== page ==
You can call me JoMo!
Mom to baby boy Joe, born 5/4/09 and breastfed for more than two and a half years, and baby girl Maggie, born 7/9/12.
With #1 - I started to get the "are you still .... " questions after he turned one. I politely ignored them and educated when people were interested in learning.
With #2 - I have gotten ZERO comments about bf and my "baby" is close to turning two. I guess people learned after the 1st one
It definitely started coming from all sides after she hit one. The "how long are you going to do that"s started before that, but the tone of the question changed after her first birthday. When I got pregnant when she was 19 months or so people became even more vocal about it, even commenting to my daughter that she was going to have to stop nursing soon. Though it was pretty much only family and friends at that point, we didn't nurse in public much once she hit 14-15 months old.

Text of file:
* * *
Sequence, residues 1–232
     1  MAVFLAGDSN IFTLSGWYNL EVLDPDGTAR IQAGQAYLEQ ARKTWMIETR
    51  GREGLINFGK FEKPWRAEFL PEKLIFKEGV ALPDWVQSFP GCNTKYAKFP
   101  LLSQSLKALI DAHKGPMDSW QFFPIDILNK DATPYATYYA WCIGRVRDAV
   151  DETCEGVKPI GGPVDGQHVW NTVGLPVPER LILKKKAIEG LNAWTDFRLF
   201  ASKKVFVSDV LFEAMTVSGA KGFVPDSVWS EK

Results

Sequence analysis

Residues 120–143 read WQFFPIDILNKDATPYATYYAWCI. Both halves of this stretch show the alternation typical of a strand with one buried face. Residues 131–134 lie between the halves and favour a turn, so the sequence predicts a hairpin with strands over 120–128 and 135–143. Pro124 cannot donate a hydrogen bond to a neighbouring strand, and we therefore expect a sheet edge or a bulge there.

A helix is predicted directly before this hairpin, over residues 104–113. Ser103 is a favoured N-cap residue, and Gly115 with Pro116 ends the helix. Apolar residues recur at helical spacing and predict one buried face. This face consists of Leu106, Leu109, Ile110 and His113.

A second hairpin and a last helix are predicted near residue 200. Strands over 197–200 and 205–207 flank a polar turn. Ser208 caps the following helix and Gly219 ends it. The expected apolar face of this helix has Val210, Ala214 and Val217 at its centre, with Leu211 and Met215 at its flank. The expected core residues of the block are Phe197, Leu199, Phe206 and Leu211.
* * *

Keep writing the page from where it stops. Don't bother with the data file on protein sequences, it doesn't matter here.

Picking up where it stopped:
Last edited by @llli*norasmommy; July 8th, 2011 at 12:01 PM.
“We are not put on earth for ourselves, but are placed here for each other. If you are there always for others, then in time of need, someone will be there for you.”
With my first the comments and criticism started once he turned one. Everyone in my family weaned by that age so that is all they knew. I did not have any problems with nursing that we hear about new moms having, so I didn't fully appreciate my local lll group until they gave me the information and support I needed to continue doing what was best for my child.
With my second ds no one asked. I am sure they have no idea how long we actually nursed.
Proud mom of 2 boys, both weaned gradually and with love.
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For each and every one of us, the person from whom we can learn the most is our own baby: listen to him. - Mary White, LLL co-founder
The best-kept secret in child psychology is that children who were never spanked are among the best behaved."
Murray Straus, Ph.D.